One of the great things about The Shop is how excellent the patio is for kicking it with a brew or many, the hours draining away like the first-rate IPA and blonde lager. The patio's casual, high-energy atmosphere is made for session drinking: long picnic tables, fun murals, trees wavering in the breeze. It's all illuminated by hard desert sunlight by day and string lights by night. You couldn't ask for a better place to attend church — crush a few cans of Church Music, that is — or sip the latest can in the brewery's Neonic series, a line of fruited sours. Post-COVID, this patio is going to be a blast.

Longtime craft beer maestro Todd Helton uses 88 pounds of Oregon boysenberries for every batch of his Boysenberry Sour. This brew, the best staple at Helton (yes, better than the pilsner), is made for sipping or flat-out crushing under the desert sun. It's bright and crisp with a rounded tartness and the lush, mellow fruit of the berries blushing through. This sour is complex yet cohesive. Somehow, it seems to take on a new personality based on the food you eat while enjoying a bottle or two. Sours are a difficult style, and Helton has cemented his year-round staple as the most memorable version made in Phoenix.

By now, many drinkers have heard the legend of Atsuo Sakurai, a sake brewer who traded Japan for Holbrook and painstakingly crafts Arizona Sake — at first out of his garage, now out of a modest sake brewery. Sakurai's standard sake, his junmai ginjo, is indeed excellent. But one of his rarer bottles, Desert Snow, is even better. Desert Snow is sparkling. In the bottle, this gray-white unfiltered rice brew looks about as cloudy as fresh-squeezed lemonade. All of that extra sediment brings an unreal, milky goodness. The fizz adds liftoff. Sometimes you can find this sake on higher-end menus around town, but you might have to head to Holbrook.

You've got an incredible amount of choices at this independent and locally owned wine room that boasts a selection of 125 wines from Italy, Spain, and Australia, as well as California and Oregon. You can order off the menu by the glass or the bottle, or you can take part in what we love best about Sorso: the wine dispensers. Put money on a wine card, then use that card to pick from the 32 wine dispensers around the Sorso dining room. Each wine in the dispensers comes in three sizes/price points — sip, taste, and pour — allowing you to maximize your explorations. Of course, if you're drinking that much, you should probably eat something, and Sorso's got you covered with an Italian-leaning menu of bruschetta, salads, sandwiches, and flatbreads. We recommend sitting out on the patio when the weather cooperates; people-watching at Scottsdale Quarter only adds to the experience.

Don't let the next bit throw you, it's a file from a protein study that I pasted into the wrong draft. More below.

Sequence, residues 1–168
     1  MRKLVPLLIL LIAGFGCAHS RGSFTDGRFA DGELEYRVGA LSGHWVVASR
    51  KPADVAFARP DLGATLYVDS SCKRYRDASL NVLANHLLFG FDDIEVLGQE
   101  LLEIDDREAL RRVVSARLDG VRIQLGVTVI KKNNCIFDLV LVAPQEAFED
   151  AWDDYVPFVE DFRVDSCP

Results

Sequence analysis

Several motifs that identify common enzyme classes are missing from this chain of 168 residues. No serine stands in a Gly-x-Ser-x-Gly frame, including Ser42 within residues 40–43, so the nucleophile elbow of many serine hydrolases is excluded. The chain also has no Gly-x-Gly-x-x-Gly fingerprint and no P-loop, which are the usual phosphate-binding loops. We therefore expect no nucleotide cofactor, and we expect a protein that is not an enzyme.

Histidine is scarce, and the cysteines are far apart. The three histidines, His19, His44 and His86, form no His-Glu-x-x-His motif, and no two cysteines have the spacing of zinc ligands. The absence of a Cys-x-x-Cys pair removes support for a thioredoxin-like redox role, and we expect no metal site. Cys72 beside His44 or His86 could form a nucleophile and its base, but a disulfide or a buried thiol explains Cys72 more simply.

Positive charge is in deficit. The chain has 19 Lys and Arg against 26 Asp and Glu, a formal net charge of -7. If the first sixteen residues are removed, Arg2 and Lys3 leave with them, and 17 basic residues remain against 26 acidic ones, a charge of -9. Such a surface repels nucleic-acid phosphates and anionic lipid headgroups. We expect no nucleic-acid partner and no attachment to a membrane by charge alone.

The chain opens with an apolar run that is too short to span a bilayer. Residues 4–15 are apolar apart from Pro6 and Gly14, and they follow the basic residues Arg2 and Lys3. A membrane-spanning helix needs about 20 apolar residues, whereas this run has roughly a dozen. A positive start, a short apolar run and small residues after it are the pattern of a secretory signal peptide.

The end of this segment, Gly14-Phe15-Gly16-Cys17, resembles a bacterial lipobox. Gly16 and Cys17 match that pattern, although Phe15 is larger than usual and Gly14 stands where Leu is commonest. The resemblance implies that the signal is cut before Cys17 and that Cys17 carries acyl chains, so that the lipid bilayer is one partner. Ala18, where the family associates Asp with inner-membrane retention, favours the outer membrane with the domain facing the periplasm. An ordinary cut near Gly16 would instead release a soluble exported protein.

When The Churchill opened, Phoenix got its first new-age natural wine shop. Over the few years since, Sauvage has transformed into something more: an epicenter of cutting-edge wine drinking in Phoenix. Sauvage has channeled the zeitgeist, not by following the national trends but by leading with Chris Lingua's opinions, tastes, selections, and friendliness. Sauvage stocks experimental liquors from Empirical Spirits and vino from growers who do things the old way, the organic way, which has now become the progressive way. His little shop is like a tiny Valhalla for adults who drink boldly and honestly. Sparkling sangiovese. A deep selection of orange wine. High-end bacanora. Sublime bottles at painless prices. 

Should we tell of all the things we should not have done because of products we bought at Liquor Wheel? The answer is a hard no. So let's talk about the venerable institution itself, which has been around since the 1950s. We've been going there since the late '80s, and if you're a longtime Phoenician, you've probably been there, too. The Aranki family bought it in 1999 and added title loans to its repertoire, but little else has changed. Its offbeat name, which apparently refers to its drive-thru and is emblazoned in blue-and-red neon, has always made the place stand out as the gritty liquor store it is. The location in south-south-Arcadia is perfect for all the low-rent apartments in the area. And the booze selection will appeal to both sommeliers and the average working man or woman. Going back to the Liquor Wheel is as natural as the Circle of Life.